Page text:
Colo. medical air staff celebrate paramedic's 2K air transports
Paramedic Bo Cheatham said the reward of helping people on their worst day keeps him going and convinced there's no job better than his
By Trevor Reid
GREELEY, Colo. — Bo Cheatham, a flight paramedic for North Colorado Med Evac, transported his 2,000th patient by air earlier this month.
Even with 18 years of experience at North Colorado Med Evac, not every flight is routine for Cheatham.
"I thought it was just going to be one of our routine flights," he said. "It was far from it."
North Colorado Med Evac staff celebrated Cheatham's milestone Tuesday morning, along with flight paramedic Chip Brownlee's 30 years and flight mechanic Terry York's 35 years with the program. Mel Streator, who was a flight nurse at North Colorado Med Evac until moving to the Western Slope, said the experience of Cheatham, Brownlee and York made her feel prepared to take on any emergency situation.
"It was always comforting, no matter what kind of scene or interfacility transfer that we walked into, knowing that either (Cheatham or Brownlee) were my partner," Streator said.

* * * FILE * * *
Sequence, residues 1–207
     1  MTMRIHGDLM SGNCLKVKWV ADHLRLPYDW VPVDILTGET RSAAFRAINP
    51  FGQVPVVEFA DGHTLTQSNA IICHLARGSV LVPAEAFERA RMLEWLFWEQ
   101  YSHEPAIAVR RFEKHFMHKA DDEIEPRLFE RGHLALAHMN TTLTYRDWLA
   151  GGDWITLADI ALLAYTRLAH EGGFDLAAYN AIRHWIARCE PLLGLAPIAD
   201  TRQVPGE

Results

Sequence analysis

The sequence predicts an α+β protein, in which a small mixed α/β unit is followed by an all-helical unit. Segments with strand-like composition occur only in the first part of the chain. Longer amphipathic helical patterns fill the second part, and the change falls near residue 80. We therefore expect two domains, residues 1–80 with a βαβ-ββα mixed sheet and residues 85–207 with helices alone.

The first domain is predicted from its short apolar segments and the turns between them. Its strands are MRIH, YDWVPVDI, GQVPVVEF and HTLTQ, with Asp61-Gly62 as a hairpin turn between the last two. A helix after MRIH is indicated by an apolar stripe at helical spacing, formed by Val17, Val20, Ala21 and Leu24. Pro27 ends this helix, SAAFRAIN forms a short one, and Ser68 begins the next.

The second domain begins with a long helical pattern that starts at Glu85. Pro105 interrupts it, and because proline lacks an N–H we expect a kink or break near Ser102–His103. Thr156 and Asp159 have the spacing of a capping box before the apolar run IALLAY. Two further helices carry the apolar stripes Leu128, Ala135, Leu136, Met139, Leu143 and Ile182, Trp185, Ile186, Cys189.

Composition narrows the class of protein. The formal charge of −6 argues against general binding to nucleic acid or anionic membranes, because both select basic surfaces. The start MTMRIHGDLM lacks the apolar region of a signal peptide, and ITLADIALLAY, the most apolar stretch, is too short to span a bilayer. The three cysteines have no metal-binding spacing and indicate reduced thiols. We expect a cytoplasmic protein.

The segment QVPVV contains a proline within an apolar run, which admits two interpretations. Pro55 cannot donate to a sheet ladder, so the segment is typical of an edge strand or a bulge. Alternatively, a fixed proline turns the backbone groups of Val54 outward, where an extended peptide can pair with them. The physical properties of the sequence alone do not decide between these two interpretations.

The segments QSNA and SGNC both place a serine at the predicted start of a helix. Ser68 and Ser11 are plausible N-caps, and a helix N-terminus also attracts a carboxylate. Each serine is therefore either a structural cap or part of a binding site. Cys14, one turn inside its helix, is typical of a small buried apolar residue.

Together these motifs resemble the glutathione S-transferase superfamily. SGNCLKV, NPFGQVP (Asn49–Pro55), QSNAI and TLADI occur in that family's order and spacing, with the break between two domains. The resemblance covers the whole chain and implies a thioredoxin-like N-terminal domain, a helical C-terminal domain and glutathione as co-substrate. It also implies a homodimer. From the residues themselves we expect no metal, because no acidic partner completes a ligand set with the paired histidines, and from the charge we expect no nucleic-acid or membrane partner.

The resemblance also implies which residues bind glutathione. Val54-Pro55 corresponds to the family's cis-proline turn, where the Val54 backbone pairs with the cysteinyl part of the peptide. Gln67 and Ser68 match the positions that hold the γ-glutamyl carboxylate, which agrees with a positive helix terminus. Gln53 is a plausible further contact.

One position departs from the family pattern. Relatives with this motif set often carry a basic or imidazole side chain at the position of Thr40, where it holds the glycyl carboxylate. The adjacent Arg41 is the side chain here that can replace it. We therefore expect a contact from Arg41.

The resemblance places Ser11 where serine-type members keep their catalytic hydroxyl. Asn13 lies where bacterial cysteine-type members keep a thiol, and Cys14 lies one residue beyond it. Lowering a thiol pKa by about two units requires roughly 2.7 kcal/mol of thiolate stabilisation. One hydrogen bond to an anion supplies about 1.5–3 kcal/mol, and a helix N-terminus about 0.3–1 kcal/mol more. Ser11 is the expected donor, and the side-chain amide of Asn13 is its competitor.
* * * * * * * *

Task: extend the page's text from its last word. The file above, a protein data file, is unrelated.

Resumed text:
York has been with North Colorado Med Evac from the start of the program on July 1, 1982. He's mostly responsible for one of the Bell 407 helicopters flown by North Colorado Med Evac, but helps with maintenance and repairs on all three. If he gets a call about an issue in Wyoming, he hops in the car and makes the drive to see what the issue is.
"It's challenging. Every day there's something different. I've done this for 35 years. There's always something new that comes up," York said.
As flight paramedics, Brownlee and Cheatham couldn't agree more. When emergency strikes, they have to keep level heads and do their best to help patients do the same. They have a short amount of time to manage a massive amount of pressure.
"When I first started in paramedicine, if you told me that this was how I was going to end up doing it, I would've told you, 'No way,' just for that reason," Brownlee said.
Cheatham said he always knew he wanted to be a flight medic, but he acknowledges it's a very taxing job. All the flights kind of blend together after a while, he said. He sees it as a sort of protective mechanism.
"I truly believe you can see too much," he said.
Though it can be a difficult job, Cheatham said the reward of helping people on their worst day keeps him going and convinced there's no job better than his.
"We get to make a difference in somebody's life," he said. "North Colorado Med Evac is the place to work. It's the best job out there."
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